Wednesday, February 2, 2011

Letter 17: Are the Liberals to be Returned?

August 11, 1911

Richmond, Que

Dear Father,

Rec'd your letter and about Flora's expenses for the first month: there is the chemical Laboratory fee of $5.00, caution money of $5.00, doctor's fee of 3.00 which gives the attention of the Dr. through the year and 4 weeks board in advance which is 16.00 so that will be 29.00.

Then there is the fare in which I think will be about 3.50.

I don't know what books she will need but fancy she can get most of them from May Watters, if she has them. I think that is all she needs for a while and we are all busy trying to get her sewed up.

What do you think of the elections and are the Liberals to be returned?

Mr. Rothney called this morning to see if we would rent the house to a Mr. Woodley who is to take his place at the College.

Mother gave him no decided answer but said not at present. He then said that if we would rent it later in the fall that we would give Mr. Woodley his house at the College and he would take ours himself.

What do you think of it? If you were going to be up in the woods for the winter I think it would be a good plan for mother to take a flat in the city and then she could board Marion Watters and me which would bring in $40.00.

Then if this house were rented at $20.00, surely we could manage on that.

Of course, there would be the expense of taking furniture etc. into the city but we would not need so very much for one year.

I am sure if Mr. Rothney thought he could have this house, say in October or November, he would go and board with them.

It is the best I can do, since I have not found purchasers for Tighsolas. Evidently everyone does not appreciate it the way we do.

I hope this is very clear and plain and I supposed you will not be able to give any answer until you find that the Liberals have been returned.

I am sure the Rothneys would be nice people to have in our house - if any.

Let me know what you think of this as soon as possible. Mother will write to you today too so what I have failed to make clear, she will do.

Lovingly Marion

PS. Of course Mr. Rothney might find another house that would suit Mr. Woodley then there would be no need of him taking ours and he is in a great hurry to get it settled.

And he has not said that he would wait, so this may all come to nothing but it seemed such a good chance that I thought I must write at once.


...Marion Annie Nicholson, 24, was a woman of action, as this letter clearly reveals. And unlike her sisters and parents, she was not greatly attached to Tighsolas, their brick encased Scottish Baronial/Queen Anne style house in the posh area of town. And she was practical too: she, herself, was in search of a place to stay in the city, during the work year, a place without a bossy matron who watched her every move.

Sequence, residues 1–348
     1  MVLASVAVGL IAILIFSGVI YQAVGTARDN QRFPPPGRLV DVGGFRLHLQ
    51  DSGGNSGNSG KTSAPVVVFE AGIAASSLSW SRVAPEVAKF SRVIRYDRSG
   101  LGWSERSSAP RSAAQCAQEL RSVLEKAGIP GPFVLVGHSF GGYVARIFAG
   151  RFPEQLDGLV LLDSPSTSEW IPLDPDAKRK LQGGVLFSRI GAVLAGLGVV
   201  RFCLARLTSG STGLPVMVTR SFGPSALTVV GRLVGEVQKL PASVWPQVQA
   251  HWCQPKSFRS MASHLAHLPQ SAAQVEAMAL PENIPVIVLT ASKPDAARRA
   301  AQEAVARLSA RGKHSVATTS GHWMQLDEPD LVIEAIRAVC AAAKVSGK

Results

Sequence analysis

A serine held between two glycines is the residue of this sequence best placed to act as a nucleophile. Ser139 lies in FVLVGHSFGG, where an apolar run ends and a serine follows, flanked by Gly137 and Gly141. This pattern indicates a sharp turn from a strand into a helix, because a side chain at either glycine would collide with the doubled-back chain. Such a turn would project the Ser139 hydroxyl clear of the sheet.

In those days it was very difficult for single working women to find accomodation in the city. And without good references it was next to impossible. And even with such references, the Matrons (usually widows) who boarded such women felt it their place to control them. After all, they were liable in the young women 'strayed.' They could be accused of running a bawdy house!

In 1911, the Nicholsons have serious financial problems, caused, in large part, by the many debts incurred by son Herb (all of which he has defaulted on and some of which his father, Norman, had co-signed for).

And Marion knows she will have to come through with her own cash if things get any worse. After all, her parents had paid for her tuition and board at McGill Norman School in the 1905/1906.

Norman, once a successful bark salesman, had already been feeling the pinch by 1900, when most of the hemlock bark in the E.T. (used in the tanning business) had been harvested. He turned to trading in pulpwood in 1901. But this didn't pan out: by 1907, he had 33 dollars in the bank and no employment.

Tighsolas was built in 1896, the year Wilfrid Laurier came to power, for 2, 712.00. Norman kept a record. The mortgage on the house was 90 dollars per quarter, at 6 percent interest on 1,500.

The Nicholsons were hoping to get around 4,000 for it, but that wasn't in the cards. Families were moving out of Richmond and there was surfeit of houses to rent or buy. The fact that Marion feels they can get 20 dollars for renting out Tighsolas is very revealing. Before building Tighsolas, the Nicholsons rented in Richmond, a smaller clapboard house and paid $25.00 a month!

Alas, their home was their only collateral - the only thing keeping Norman's own creditors from calling in their 'notes' - as they called it back then. (At least that is what the family feels.)

The house was, one the one hand, an anchor in a storm and on the other hand, a brick albatross around the family's neck, keeping the Nicholsons from being nimble enough to make swift and satisfactory decisions in an era of galloping change.

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